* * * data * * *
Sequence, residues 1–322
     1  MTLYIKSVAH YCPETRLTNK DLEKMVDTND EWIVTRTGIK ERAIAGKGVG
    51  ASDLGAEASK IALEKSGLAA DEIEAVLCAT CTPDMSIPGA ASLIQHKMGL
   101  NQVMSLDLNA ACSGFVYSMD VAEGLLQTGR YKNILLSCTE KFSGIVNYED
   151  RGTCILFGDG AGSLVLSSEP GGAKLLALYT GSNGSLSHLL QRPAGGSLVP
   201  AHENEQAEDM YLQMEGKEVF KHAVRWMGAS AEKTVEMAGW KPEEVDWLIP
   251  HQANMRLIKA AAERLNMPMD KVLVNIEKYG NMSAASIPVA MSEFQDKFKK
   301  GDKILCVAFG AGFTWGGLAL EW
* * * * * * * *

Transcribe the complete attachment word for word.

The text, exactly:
Sequence, residues 1–322
     1  MTLYIKSVAH YCPETRLTNK DLEKMVDTND EWIVTRTGIK ERAIAGKGVG
    51  ASDLGAEASK IALEKSGLAA DEIEAVLCAT CTPDMSIPGA ASLIQHKMGL
   101  NQVMSLDLNA ACSGFVYSMD VAEGLLQTGR YKNILLSCTE KFSGIVNYED
   151  RGTCILFGDG AGSLVLSSEP GGAKLLALYT GSNGSLSHLL QRPAGGSLVP
   201  AHENEQAEDM YLQMEGKEVF KHAVRWMGAS AEKTVEMAGW KPEEVDWLIP
   251  HQANMRLIKA AAERLNMPMD KVLVNIEKYG NMSAASIPVA MSEFQDKFKK
   301  GDKILCVAFG AGFTWGGLAL EW